The EDCD Medicaid waiver allows elderly and disabled people to live in their homes instead of an institution. Caroline receives nursing care for a few hours each day on weekdays (and sometimes on weekends), allowing my husband and me to work and take care of our family needs. We never imagined that these nursing services would one day save Caroline’s life.

In 2014, during one of the monthly required visits as part of the program, the agency’s head nurse took Caroline’s vitals as usual and noticed something that alarmed her. Caroline, asleep during this routine check-up, wasn’t taking enough breaths per minute. The nurse instructed us to get prescription for a Pulse Ox machine and see a sleep specialist as soon as possible. These two actions changed the course of our lives. Caroline’s sleep specialist and pulmonologist ran tests that revealed she had severe sleep apnea. Apparently, Caroline often stopped breathing throughout the night, and she wasn’t fully inhaling and exhaling which caused her system to retain higher than normal levels of carbon dioxide.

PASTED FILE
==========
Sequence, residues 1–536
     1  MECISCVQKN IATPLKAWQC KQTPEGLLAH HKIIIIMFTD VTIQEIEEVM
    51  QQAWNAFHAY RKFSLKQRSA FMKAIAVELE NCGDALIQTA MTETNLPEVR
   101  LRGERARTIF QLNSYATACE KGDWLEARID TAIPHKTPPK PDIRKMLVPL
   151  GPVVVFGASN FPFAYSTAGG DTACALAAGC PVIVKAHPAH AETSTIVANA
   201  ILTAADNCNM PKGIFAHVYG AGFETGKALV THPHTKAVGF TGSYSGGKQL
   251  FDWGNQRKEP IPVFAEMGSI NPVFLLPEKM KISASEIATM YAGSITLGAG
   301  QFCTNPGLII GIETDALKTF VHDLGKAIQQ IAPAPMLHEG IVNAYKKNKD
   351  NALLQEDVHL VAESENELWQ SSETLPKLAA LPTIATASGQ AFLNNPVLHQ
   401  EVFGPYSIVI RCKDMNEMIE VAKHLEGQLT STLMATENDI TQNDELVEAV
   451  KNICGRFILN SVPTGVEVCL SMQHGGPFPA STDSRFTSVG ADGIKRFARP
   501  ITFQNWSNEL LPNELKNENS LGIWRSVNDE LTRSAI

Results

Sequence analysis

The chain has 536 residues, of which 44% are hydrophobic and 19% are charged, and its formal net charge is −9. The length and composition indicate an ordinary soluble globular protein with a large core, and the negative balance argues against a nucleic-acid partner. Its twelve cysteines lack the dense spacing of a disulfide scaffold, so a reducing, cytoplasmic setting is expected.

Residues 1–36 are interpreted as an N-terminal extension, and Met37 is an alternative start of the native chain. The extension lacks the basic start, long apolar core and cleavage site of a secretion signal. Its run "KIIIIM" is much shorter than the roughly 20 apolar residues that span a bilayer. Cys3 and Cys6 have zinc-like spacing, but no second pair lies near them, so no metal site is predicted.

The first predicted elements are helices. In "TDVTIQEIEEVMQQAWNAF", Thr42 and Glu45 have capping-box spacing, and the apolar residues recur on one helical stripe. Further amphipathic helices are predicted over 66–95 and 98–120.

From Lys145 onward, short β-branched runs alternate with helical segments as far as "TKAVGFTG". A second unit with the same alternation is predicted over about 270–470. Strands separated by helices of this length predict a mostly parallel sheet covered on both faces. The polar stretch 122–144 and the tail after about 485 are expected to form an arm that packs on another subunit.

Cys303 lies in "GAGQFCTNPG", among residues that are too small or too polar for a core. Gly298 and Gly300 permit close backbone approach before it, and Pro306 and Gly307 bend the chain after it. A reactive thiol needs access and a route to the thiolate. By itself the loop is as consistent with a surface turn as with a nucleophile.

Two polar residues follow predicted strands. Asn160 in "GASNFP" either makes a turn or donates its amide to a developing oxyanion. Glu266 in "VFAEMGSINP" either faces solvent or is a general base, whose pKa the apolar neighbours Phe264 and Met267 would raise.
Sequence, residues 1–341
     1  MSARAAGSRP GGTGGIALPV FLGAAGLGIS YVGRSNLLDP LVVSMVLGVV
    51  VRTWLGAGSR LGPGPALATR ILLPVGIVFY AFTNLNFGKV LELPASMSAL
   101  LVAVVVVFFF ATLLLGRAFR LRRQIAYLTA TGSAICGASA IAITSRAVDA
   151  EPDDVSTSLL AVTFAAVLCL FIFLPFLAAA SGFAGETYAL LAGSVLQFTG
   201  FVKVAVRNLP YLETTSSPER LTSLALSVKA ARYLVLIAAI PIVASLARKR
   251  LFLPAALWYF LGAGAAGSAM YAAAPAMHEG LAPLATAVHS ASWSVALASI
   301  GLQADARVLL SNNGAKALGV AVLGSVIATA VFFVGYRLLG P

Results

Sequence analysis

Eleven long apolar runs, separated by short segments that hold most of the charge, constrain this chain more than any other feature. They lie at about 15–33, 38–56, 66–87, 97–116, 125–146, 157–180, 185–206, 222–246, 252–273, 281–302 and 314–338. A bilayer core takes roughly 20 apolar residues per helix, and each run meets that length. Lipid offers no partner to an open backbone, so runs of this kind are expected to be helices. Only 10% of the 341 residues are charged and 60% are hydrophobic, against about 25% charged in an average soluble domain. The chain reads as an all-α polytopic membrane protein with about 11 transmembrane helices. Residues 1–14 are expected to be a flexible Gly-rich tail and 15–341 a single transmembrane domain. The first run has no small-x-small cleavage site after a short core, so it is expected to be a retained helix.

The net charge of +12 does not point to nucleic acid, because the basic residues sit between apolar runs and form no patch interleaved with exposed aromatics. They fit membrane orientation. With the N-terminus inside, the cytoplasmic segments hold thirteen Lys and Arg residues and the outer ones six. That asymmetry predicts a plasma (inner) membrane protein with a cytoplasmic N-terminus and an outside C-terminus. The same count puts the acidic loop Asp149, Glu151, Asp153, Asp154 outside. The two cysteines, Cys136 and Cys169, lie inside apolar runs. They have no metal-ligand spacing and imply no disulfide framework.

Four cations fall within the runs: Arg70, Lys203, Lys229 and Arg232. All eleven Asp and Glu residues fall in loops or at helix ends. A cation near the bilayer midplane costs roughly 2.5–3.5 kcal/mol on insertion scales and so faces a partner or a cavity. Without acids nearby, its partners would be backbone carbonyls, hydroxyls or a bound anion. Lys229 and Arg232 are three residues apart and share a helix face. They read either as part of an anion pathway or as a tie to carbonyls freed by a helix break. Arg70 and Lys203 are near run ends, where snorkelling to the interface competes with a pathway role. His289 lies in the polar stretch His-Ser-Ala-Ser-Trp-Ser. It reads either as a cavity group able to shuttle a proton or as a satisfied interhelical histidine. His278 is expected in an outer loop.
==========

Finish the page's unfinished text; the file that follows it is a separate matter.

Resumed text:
A few months later, the Pulse Ox machine’s alarm suddenly went off after Caroline had been asleep for a while. We ran to her room and noticed that her breathing was labored and her oxygen saturation was dipping. During the day, we had observed symptoms of what appeared to be a mild cold and never imagined that she was rapidly developing pneumonia. We rushed her to the hospital where she was immediately admitted to the PICU and ended up staying for 17 days.

The EDCD waiver also helps cover the rental of the lung therapy machines and other medicines that are not covered by our private insurance. The rental of Caroline’s two lung therapy machines alone amounts to several thousand dollars a month. These machines not only keep Caroline out of the hospital but also allow her to do something most of us take for granted – to breathe normally…and stay alive.

The uncertainty about Medicaid’s future has compelled me to speak out on her behalf and on behalf of the millions of children like her who rely upon a strong Medicaid program.